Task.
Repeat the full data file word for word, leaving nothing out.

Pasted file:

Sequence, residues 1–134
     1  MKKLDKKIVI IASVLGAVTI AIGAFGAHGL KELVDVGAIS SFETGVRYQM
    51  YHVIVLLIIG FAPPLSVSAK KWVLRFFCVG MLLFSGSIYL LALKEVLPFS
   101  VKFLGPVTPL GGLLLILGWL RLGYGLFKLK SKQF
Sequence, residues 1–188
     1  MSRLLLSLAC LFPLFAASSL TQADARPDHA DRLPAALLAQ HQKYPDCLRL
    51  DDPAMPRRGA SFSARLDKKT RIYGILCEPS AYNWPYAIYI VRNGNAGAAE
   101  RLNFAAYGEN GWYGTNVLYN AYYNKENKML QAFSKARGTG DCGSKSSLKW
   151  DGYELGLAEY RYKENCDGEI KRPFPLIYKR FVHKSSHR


Sequence, residues 1–134
     1  MKKLDKKIVI IASVLGAVTI AIGAFGAHGL KELVDVGAIS SFETGVRYQM
    51  YHVIVLLIIG FAPPLSVSAK KWVLRFFCVG MLLFSGSIYL LALKEVLPFS
   101  VKFLGPVTPL GGLLLILGWL RLGYGLFKLK SKQF
Sequence, residues 1–188
     1  MSRLLLSLAC LFPLFAASSL TQADARPDHA DRLPAALLAQ HQKYPDCLRL
    51  DDPAMPRRGA SFSARLDKKT RIYGILCEPS AYNWPYAIYI VRNGNAGAAE
   101  RLNFAAYGEN GWYGTNVLYN AYYNKENKML QAFSKARGTG DCGSKSSLKW
   151  DGYELGLAEY RYKENCDGEI KRPFPLIYKR FVHKSSHR